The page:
The Battle of Fredericksburg (December 11-15, 1862) was one of the largest and deadliest of the Civil War. The battle saw the first  significant urban combat of the war and the first crossing of a major river–The Rappahannock.  Morgan mentions the Battle of Fredericksburg (“Fredricksburg Slaughter”) in his letter of January 24, 1863.


Camp Beulah, Mobile, Alabama

Camp Beulah was established by Southern author, propagandist, and nurse, Augusta Jane Evans Wilson. It was called Camp Beulah after the title of one of her novels.

Camp Beulah was located near the present intersection of Florida St. and Spring Hill Ave in Mobile.


Camp Cumming, Mobile, Alabama

Camp Cumming was approximately 4 miles west of Mobile. It was named after Brigadier General Alfred Cumming.  It is sometimes referred to as Camp Cummings.

Alex Morgan’s letters from this camp date from February 1 to March 4, 1863. He served here as an Assistant Surgeon with the 1st Georgia Confederate, also known as the 1st Confederate States Infantry Regiment (Confederate), 2nd Battalion.


 Ross General Hospital

In his letter of February 8, 1863, Alex Morgan directs his wife to write him at Mobile in care of “Surgeons (F.A. Ross).”  At this time, Morgan was serving under Dr. Frank A. Ross, either at Ross General Hospital or at Camp Cummings nearby. The Ross General Hospital building is still standing near the intersection of St. Anthony and Broad Streets in Mobile. It is part of the Mobile County Health  Department and is now known as the Marine Hospital.


“The Bonnie Blue Flag”

“The Bonnie Blue Flag” was a Confederate marching song.  The lyrics were written in 1861 by vaudeville entertainer Harry McCarthy to the melody of “The Irish Jaunting Car.” The song became very popular with soldiers and civilians, and multiple additional lyrics (including a Union version) were written.

The Confederate States of America had three national flags during its existence from 1861-1865. The Bonnie Blue Flag was used as an unofficial flag during the early months of 1861 and flew over the Confederate batteries that opened fire on Fort Sumter at the beginning of the Civil War.







Here are several of the most commonly heard verses.  The “band of brothers” in the first line is taken from the St. Crispin’s Day speech in Shakepeare’s Henry V.

We are a band of brothers and native to the soil
Fighting for our Liberty, With treasure, blood and toil
And when our rights were threatened, the cry rose near and far
Hurrah for the Bonnie Blue Flag that bears a single star!

Hurrah! Hurrah!
For Southern rights, hurrah!
Hurrah for the Bonnie Blue Flag that bears a single star.

As long as the Union was faithful to her trust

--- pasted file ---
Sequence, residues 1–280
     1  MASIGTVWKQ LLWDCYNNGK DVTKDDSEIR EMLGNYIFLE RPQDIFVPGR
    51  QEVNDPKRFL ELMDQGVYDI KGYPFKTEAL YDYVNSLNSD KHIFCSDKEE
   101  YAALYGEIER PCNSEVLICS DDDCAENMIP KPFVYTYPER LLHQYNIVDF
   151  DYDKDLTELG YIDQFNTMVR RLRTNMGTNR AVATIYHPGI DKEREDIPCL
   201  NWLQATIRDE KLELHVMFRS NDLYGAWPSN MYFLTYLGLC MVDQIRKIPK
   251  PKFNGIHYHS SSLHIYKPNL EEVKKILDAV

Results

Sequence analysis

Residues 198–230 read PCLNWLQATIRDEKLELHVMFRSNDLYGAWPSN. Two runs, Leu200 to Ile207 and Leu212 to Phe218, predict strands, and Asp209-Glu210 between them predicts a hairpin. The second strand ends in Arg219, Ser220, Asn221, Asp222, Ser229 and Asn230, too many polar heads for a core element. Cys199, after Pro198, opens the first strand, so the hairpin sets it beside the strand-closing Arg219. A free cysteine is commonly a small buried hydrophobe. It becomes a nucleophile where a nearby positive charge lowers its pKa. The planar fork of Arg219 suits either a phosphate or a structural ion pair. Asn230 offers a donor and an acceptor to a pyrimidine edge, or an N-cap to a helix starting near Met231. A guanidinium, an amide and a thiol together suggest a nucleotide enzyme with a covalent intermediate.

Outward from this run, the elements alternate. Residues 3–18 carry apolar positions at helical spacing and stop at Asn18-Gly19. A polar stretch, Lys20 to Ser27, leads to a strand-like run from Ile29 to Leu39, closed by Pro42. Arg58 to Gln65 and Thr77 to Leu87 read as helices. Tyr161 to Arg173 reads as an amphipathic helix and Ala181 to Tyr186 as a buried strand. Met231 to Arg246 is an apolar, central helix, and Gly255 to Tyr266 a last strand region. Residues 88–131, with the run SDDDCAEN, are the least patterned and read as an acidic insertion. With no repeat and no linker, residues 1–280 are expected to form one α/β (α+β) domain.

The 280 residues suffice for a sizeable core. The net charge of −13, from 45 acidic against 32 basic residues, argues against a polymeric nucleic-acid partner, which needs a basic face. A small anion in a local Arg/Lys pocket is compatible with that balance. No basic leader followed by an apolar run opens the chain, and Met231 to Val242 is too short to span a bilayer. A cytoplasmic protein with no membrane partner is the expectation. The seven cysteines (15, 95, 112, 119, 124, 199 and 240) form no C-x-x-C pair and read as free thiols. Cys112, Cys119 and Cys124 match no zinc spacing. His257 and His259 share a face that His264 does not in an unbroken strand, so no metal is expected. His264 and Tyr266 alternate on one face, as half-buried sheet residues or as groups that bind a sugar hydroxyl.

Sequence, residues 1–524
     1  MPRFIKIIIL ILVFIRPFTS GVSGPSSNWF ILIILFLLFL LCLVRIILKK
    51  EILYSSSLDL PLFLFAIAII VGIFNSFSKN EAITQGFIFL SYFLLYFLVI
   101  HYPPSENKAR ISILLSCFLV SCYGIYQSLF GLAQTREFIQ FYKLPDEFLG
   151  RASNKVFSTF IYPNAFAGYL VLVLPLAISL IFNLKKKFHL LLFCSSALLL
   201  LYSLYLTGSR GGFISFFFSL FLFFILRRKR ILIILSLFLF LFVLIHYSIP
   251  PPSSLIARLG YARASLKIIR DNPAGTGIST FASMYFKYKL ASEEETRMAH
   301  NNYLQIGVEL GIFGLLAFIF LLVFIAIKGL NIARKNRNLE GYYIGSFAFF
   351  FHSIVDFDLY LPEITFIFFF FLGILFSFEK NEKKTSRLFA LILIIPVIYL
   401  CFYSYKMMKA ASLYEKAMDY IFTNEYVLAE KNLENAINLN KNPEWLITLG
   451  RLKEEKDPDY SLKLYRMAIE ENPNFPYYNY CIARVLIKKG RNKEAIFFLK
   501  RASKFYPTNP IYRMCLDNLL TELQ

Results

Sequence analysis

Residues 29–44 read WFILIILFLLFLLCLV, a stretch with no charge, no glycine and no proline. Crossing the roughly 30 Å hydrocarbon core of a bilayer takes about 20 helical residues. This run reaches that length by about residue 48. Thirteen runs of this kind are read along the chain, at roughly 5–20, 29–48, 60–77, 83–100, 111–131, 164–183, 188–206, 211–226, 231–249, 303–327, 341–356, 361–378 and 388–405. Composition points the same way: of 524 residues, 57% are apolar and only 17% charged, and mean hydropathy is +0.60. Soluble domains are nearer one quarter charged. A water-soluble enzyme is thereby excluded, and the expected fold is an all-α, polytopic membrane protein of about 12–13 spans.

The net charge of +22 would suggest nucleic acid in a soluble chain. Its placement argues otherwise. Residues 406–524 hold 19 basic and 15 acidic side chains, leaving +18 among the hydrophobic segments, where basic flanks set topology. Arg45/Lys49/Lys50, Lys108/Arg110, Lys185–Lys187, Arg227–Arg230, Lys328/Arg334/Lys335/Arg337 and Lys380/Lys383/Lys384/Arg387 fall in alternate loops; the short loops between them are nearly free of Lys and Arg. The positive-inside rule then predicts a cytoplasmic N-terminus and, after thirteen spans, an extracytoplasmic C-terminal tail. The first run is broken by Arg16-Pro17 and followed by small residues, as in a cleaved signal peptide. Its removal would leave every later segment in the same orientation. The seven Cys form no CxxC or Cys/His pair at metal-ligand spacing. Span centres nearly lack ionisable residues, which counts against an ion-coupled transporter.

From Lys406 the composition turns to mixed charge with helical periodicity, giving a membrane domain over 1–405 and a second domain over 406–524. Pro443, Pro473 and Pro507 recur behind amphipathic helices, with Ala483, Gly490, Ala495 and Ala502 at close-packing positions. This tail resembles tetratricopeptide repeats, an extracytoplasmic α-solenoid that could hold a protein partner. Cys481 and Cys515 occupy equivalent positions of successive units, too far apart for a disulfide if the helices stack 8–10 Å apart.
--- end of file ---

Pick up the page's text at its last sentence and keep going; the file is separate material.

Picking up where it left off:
Like friends and like brethren, kind were we, and just
But now, when Northern treachery attempts our rights to mar
We hoist on high the Bonnie Blue Flag that bears a single star. –Chorus:

Then here’s to our Confederacy, strong we are and brave,
Like patriots of old we’ll fight, our heritage to save;
And rather than submit to shame, to die we would prefer,
So cheer for the Bonnie Blue Flag that bears a single star. –Chorus:

Listen to The Bonnie Blue Flag


Tullahoma, Tennessee

After the Battle of Murfreesboro (Stones River), Union General William Rosecrans established a camp there.  General Braxton Bragg moved further south to establish a defensive line near Tullahoma and thus prevent the Union from reaching Chattanooga. The Tullahoma Campaign (Middle Tennessee Campaign) was fought between June 24 and July 3, 1863.


The Battle of Chancellorsville

The Battle of Chancellorsville was a major battle fought in Spotsylvania County, Virginia between Maj. Gen. Joseph Hooker’s Army of the Potomac and Gen. Robert E. Lee’s Army of Northern Virginia. Both armies suffered heavy losses. The battle ended as a Confederate victory, but resulted in the wounding and death of Gen. Stonewall Jackson. Jackson was a gifted tactical commander and his death was a severe loss to the Confederacy. On hearing of his passing, Robert E. Lee said, “I have lost my right arm.”


Bridgeport, Alabama

From May, to July 1863,  Alex Morgan is in Jackson’s Brigade and moves between the 5th Georgia Infantry and 1st Georgia (Confederate), 2nd Battalion. They are part of the Confederacy’s attempt to protect Chattanooga from Rosecrans’ troops who are moving south and east from Murfreesboro.


Chattanooga, Tennessee

Located on the Tennessee River, Chattanooga was an important rail hub and manufacturing center connecting to major Confederate distribution centers.


Battle of Chickamauga